How to Braid A Carrot

Note: I’ll have to put some thought into tagging this post.  I’m not sure anyone ever did a Google search using the term “braid carrot.”  Here goes:

Step one:

Purchase nursery six-packs of small, leafy carrot starters.  Make the following assumption: each cell contains one carrot plant.

Step two:

Plant accordingly.  Be sure to gather the neighbor’s day-care kids.  Turn tiny people into future gardeners.

Step three:

Wait 50 – 70 days.  Publicize your countdown in your blog sidebar.  This is an important step for those of us with “menopause brain.”

Step four:

Take the sage advice of a couple of bloggers who inquire “did you thin the plants?”  (Note: In my gardening defense, I know about thinning seeds.  I just ASSumed they were pre-thinned before I bought them.)

Step five:

Dig up a few ‘spare carrots’, in this case, the carrots planted on the other side of the curb garden as back ups in case the tiny gardener’s crop fails.  (One or two did and I was able to fill in accordingly) Realize, oh-oh…I didn’t thin the plants.  Thin one or two and watch them droop.  They didn’t like waking up early.

Step six:

Reset the countdown in the side-bar from 50 to 70 days and wait some more.

Step seven:

The most important step of all: Watch the tiny gardeners cute, wondrous faces as they dig up a carrot and realize what they’ve grown.  Picture me smiling from ear to ear.

carrot harvest 2

Tiny gardener harvesting carrots

carrot harvest 1

Carrot unearthed

And if you’ve read this far, here is the tutorial I promised.

How to braid a carrot:

  1. Refer to steps one through seven.
braided carrots

Braided Carrots

27 thoughts on “How to Braid A Carrot

  1. This one made me smile — very clever of you to create a braided carrot! Little kids see everything as wonderous. I suppose the ordinary carrots were just as interesting to them as the braided one. 🙂

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    • Nature braids in mysterious ways (Ha!)

      Yes, I think when you’re that age, everything is interesting and new. Too bad we can’t remember more of it. I’ve read that are earliest memories tend to coincide with language acquisition. Interesting that.

      I’m glad you smiled!

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  2. I love this! I love the tiny gardeners little pdgy hands and round cheeks. I can imagine how excited they were. I also love the braided carrot-should be fun to cut!

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  3. Well bless your heart, you little garden mentor you! How cute is that little Sydney?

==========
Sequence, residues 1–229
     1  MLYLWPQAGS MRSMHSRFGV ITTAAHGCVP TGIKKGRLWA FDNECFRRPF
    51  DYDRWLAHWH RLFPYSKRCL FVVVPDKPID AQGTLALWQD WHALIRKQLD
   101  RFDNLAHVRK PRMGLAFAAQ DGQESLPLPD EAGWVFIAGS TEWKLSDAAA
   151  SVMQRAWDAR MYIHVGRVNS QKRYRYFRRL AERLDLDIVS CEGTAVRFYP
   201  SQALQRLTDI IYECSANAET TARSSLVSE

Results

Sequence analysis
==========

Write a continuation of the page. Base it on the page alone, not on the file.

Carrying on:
Congratulations on introducing something new to your little neighbours. I can totally see you beaming at all their wonder and naiveté. Maybe those are magic carrots or maybe carrots are suppose to look like that, there shouldn’t be any garden rules as a guest gardener. I say, “caution to the wind” when ‘to thin or not to thin” is the question.

    Might be fun to try and serve the braided carrot as is….alla, Dr Seuss. Check out these other wacky vegetables

    http://forum.xcitefun.net/very-unusual-vegetables-shape-t60024.html

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      • Well, that oral surgery sure wasn’t fun, and keeping the pain under control a bit of a challenge BUT I am constantly reminded that things could be much worse!!! I predict I’ll feel much better, from a mouth / teeth perspective tomorrow 🙂

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        • So, Laurie, how are you feeling today? Oral surgery doesn’t sound like much fun. I hope the swelling went down and as such, the pain is subsiding. Do you have follow up surgeries or is this the only one?

          Thinking of you. xox

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          • I think I’ve got at least 2 more oral surgeries … hopefully that will do it but we’ll see. I had a very quiet day yesterday and that led to feeling good today. I’m feeling confident that I’ll just keep getting better and better. Thanks so much for your thoughts 🙂

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  4. Pingback: Roasted Vegetables: Savory and Sweet | Gardening Nirvana

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